Safeguarding e-Bulletin – 1st April 2022
Table of Contents
- What's new at SSS Learning
In the news
- Urge to use Victim's Law to protect young victims of domestic abuse
- Children as young as five using social media
- The new SEND and Alternative Provision (AP) green paper
- Cause for concern – sexual abuse in residential schools
- Review of Youth Worker roles in Schools
- Metropolitan Police Officers Removed From Duty
- IOPC findings indicate underlying Met misogyny
- McCann case to close
- Reproductive Coercion
- Permanent FSM Eligibility for disadvantaged migrant children
- £10M CBT PROGRAMME TO DELIVER THERAPEUTIC SUPPORT
What's new at SSS Learning
It's been a busy start to the year for the team with the release of our Equality, Diversity and Inclusion course, designed to help inform your policy, set out the standards of best practice and help dispel any existing unconscious bias. I know lots of you have already completed the course, thanks for the fantastic feedback.
In addition, we will shortly be releasing our latest course which focuses on supporting educational visits. In addition to the training element, we will also include access to key documents to help you plan and carry them out safely.
SSS Safeguarding System Development Update
We are pleased to introduce an exciting update to our admin dashboard which was implemented overnight (31st March 2022). The new 'Certificate Hub' has arrived! The hub provides a clear picture of the status of certificates in your organisation, allowing you to review and plan training far more effectively. You can now easily monitor, review, and remind your staff if revalidation is required via email within our system. The certificate hub allows you to easily analyse data by course or by staff member and includes much improved spreadsheet downloads should you require them for reporting. We hope you like this new feature and would welcome your feedback and any suggestions for future improvements too. Please do email us on firstname.lastname@example.org with any comments you may have.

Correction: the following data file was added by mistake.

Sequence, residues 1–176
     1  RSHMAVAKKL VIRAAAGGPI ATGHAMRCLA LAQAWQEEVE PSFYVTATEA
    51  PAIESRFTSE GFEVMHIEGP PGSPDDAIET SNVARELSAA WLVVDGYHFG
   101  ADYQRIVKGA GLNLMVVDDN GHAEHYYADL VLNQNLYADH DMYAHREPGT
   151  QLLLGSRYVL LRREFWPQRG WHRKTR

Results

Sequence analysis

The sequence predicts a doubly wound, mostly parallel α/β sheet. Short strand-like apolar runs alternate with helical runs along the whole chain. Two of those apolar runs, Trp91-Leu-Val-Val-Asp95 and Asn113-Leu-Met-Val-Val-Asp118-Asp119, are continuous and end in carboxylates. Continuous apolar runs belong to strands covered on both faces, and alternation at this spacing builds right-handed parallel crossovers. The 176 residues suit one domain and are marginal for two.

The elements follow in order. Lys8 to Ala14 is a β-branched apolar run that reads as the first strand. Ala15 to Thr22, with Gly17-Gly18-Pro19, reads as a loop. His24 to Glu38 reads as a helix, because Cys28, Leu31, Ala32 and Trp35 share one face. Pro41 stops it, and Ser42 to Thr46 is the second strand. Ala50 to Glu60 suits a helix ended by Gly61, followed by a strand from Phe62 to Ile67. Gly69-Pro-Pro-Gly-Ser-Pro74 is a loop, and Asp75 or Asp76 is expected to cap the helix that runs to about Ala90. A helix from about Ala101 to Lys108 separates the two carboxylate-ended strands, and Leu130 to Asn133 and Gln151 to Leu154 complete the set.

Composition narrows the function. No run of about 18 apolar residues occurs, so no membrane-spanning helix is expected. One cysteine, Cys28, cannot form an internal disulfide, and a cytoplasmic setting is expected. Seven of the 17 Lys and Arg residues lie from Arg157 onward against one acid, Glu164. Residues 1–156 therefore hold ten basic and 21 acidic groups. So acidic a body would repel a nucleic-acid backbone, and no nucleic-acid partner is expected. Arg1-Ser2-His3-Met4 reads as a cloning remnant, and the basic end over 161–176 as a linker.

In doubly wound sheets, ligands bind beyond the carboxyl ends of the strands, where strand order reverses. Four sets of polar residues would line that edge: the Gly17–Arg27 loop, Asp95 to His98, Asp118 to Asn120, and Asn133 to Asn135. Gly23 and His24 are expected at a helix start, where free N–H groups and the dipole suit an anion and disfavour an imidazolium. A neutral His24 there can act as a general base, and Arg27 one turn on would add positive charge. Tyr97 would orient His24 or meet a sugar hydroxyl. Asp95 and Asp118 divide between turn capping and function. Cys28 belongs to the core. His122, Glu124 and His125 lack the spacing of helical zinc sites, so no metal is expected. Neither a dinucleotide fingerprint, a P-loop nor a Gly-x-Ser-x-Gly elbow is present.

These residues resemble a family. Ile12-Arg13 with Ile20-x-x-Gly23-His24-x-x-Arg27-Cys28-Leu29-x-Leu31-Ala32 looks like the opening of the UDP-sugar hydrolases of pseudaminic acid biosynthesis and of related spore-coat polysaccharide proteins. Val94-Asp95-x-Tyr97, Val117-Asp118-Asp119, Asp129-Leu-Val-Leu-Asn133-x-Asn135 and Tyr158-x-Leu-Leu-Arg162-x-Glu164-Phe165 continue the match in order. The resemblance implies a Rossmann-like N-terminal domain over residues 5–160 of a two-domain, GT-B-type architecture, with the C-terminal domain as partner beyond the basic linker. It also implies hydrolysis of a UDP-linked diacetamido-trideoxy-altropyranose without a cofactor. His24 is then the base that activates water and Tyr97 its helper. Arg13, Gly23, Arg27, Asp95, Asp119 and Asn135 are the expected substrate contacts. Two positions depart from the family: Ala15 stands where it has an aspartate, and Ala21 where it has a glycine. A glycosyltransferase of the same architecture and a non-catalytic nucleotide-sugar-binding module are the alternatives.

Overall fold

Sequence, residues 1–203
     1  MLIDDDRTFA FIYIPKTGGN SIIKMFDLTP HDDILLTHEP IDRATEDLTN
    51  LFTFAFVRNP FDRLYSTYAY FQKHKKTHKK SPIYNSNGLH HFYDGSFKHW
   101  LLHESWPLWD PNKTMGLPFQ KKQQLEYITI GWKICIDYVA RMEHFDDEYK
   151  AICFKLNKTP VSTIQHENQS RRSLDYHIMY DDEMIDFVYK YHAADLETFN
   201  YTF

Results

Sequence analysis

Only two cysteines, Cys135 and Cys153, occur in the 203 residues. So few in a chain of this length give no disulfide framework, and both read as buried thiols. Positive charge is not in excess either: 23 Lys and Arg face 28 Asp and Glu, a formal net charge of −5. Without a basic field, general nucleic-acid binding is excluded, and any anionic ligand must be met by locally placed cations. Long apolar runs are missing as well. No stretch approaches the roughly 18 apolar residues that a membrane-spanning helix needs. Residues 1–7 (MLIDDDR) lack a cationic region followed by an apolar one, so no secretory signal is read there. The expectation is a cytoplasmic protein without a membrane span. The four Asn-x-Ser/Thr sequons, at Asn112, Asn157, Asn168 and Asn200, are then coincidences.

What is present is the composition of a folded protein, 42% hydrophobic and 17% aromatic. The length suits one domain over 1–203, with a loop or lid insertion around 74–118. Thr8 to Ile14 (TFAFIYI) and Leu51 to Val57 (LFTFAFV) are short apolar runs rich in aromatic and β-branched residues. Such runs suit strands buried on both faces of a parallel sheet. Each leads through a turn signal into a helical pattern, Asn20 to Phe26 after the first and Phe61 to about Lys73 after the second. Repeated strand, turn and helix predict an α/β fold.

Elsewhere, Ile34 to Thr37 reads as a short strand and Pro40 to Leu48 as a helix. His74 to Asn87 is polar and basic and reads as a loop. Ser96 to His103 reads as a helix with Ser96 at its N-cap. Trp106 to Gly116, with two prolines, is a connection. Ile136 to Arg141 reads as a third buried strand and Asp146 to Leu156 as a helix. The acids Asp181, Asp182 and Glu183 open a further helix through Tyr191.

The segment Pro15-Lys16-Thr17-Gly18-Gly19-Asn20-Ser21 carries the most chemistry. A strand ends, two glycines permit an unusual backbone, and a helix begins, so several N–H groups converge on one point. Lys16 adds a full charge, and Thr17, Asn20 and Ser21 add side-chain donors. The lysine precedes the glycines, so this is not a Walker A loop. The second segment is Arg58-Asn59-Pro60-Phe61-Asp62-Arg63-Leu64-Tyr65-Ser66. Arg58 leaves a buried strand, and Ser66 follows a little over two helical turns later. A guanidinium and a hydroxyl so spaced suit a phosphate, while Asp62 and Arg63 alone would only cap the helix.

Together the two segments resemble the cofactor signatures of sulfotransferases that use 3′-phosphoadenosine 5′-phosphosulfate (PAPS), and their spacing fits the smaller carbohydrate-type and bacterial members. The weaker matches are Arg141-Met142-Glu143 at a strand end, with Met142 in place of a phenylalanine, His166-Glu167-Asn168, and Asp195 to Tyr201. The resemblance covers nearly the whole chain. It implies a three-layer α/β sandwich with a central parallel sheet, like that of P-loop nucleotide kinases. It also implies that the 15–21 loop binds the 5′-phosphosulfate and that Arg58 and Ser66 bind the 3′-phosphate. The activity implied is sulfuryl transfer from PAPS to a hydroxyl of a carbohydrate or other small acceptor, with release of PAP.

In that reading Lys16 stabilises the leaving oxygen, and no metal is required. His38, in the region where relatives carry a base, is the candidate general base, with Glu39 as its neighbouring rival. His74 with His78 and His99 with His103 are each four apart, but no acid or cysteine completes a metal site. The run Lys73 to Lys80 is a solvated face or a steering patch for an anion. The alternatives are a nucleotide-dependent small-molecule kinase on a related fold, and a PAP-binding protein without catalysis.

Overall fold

Child Mental Health & Wellbeing – 10 Top Tips for Parents
Our video blog has now been viewed more than 11,000 times on our YouTube channel. Please feel free to share the link with colleagues and parents.
In the news:
Urge to use Victim's Law to protect young victims of domestic abuse
In a rise of related child protection referrals, calls are being made for improvements in the support for young survivors of domestic abuse.
Analysis of HM Inspectorate of Constabulary reveal an 8% rise in child protection referrals by police to social services over the last year which relate to domestic abuse. The total of almost 245,000 referrals is the equivalent of 669 a day, according to analysis of figures for 2020/21 made by the NSPCC.
Commenting on the figures, Jo Casebourne, Chief Executive of the Early Intervention Foundation (EIF), said the figures highlight the need to improve support for families, especially to tackle long-term problems around poor access to therapy and other specialist support for children. Casebourne stated:
“There are longstanding gaps in provision for families, including in relation to the availability of prevention services and long-term therapeutic support, support for babies and very young children and culturally specific interventions for minority groups.”
Children are officially recognised as domestic abuse victims (from Feb 2022), through the Domestic Abuse Act, and Local Authorities must provide housing to families escaping violence and abuse in their home. However, whilst welcomed this does not extend to providing much needed community support, such as community-based specialist therapeutic services, and it is unlikely that cash-strapped Local Authorities will divert resources beyond accommodation services.